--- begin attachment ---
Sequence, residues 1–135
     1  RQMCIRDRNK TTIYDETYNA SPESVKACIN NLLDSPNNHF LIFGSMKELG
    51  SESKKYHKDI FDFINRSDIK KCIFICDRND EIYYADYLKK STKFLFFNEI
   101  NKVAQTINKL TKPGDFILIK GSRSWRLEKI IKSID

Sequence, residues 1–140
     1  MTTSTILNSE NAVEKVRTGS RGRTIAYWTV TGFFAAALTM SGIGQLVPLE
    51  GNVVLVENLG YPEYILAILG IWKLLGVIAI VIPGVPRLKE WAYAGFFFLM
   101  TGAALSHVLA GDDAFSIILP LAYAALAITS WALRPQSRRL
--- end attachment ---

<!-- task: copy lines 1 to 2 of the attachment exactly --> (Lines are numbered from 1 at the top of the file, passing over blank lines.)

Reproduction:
Sequence, residues 1–135
     1  RQMCIRDRNK TTIYDETYNA SPESVKACIN NLLDSPNNHF LIFGSMKELG